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Why Are We So Negative?

Have you ever noticed that half of your conversations are based on complaining? You would probably need four hands to count the amount of conversations you’ve had this winter that began by complaining about the cold and twice that to complain about your workload. For whatever reason, it is much easier to engage in negative small talk compared to striking up a more optimistic conversation.

The same can be said for stories reflected in the news. While we have all heard the tragic stories of fired employees who return to their former workplaces to take vengeance on their former bosses, the media fails to report on people who view losing a job as an opportunity to find more fulfilling work or discover a new talent. Similarly, you are much more likely to remember negative feedback than positive feedback. You may overlook the amount of times your friend gives you a compliment, but you’ll never forget the accidental insult.

So why? Why do we always fall prey to ruminating on the negative?

Apparently, biology explains it for us. Humans were designed to be more aware of negative circumstances and consequences as it helped our ancestors survive. As cavemen, humans gathered food for families. Those who survived did so because they were more attuned to attacks from saber-toothed tigers. In modern times, we don’t necessarily have to outrun predators, but we still have an evolutionary negative bias.

Negative bias is a tendency to have greater sensitivity to negative events compared to positive events. Researchers in psychology find that negative events weigh close to three times more than positive events. Because of this, people are more likely to bring up negative thoughts in conversation because it’s what we remember the most and what most people can relate to. That’s why it feels like it’s easier to talk to a stranger about how much your professor sucks than to converse about their great teaching skills.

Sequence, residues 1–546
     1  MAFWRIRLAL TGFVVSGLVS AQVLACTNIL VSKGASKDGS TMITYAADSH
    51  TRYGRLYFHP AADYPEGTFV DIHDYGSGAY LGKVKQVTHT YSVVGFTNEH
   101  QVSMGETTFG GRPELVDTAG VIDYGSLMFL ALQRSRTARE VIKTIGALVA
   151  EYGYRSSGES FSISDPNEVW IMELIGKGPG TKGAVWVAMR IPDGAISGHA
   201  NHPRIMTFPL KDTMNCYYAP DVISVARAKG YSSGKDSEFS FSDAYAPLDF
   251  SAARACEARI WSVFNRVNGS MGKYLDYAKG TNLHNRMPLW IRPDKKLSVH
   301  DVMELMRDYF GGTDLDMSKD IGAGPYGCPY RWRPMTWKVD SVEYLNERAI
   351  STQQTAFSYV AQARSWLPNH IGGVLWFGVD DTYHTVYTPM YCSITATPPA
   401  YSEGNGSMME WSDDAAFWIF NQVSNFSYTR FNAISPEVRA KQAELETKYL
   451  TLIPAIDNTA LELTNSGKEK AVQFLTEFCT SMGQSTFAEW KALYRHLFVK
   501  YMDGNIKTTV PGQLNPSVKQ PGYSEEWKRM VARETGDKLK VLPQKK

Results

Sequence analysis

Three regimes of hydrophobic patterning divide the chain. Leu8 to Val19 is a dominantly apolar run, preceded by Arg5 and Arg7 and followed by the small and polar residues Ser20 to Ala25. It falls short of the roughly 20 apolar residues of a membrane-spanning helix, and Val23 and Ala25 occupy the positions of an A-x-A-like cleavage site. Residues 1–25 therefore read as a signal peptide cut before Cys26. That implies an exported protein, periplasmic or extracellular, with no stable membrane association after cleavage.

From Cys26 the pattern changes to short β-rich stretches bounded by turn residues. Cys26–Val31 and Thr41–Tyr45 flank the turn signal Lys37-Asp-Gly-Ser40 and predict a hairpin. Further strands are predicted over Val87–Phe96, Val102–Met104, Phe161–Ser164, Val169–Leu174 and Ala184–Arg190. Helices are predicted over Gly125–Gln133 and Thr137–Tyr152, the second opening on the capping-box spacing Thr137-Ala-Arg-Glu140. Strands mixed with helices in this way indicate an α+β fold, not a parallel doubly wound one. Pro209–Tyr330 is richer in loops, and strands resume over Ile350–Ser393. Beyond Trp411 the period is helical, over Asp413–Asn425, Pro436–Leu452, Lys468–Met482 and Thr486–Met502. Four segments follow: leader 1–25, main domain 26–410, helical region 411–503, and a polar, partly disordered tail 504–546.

So how can we over come this innate negativity bias? While negative experiences frequently are unavoidable, reframing or reinterpreting the feedback loop is possible. Redefining negative situations in more positive or humorous terms counters the adverse psychological effects that would otherwise be experienced. The trick is to make positive events stickier than negative ones.

Here are four research-based techniques to do just that:

1.     Enjoy the good stuff. Studies in neuroscience tell us that while negative events may be seared into your mind almost instantly, it takes 5 to 20 seconds to emotionally absorb positive events. Therefore, when something good happens to you, stop and take a second to bask in it. Focus on your senses, how the event makes you feel, hear, smell, touch or see, to make the good stuff become good memories.

2.     Express gratitude. Many studies show that writing down thanks through thank you notes and cards helps us remember the good our friends and families have shown us. If you don’t have time for a card, just take the couple extra minutes to call your mom and thank her for the care package.

3.     Tune out for a while. A lot of our negativity is viewed though the Internet. Through Twitter battles and Facebook comments, negativity seems to intensify on social media. Turning off your devices and choosing to stay away from the negativity for a couple of days or even a couple of hours could help you avoid negative feelings of your own.

4.     Make accurate judgments. Part of the negativity bias that exaggerates negative feelings comes from overestimating threats. Mother Nature would rather us perceive something as more dangerous than it is so we react right away. However, dissecting every threat we face in a rational manner isn’t always realistic. We can neutralize this cognitive distortion by giving ourselves a few minutes to distance ourselves from what happened. Remember when you got upset when you were little and your parents told you to take a deep breath? The same concept can be applied to your everyday life as you face challenges. Taking that extra second can allow you to evaluate a situation more appropriately, instead of jumping to conclusions.

If you’re feeling overwhelmed by personal negativity, or if you have a particularly negative friend bringing you down, try to incorporate these small practices into your life. Because nobody likes a Negative Nancy.

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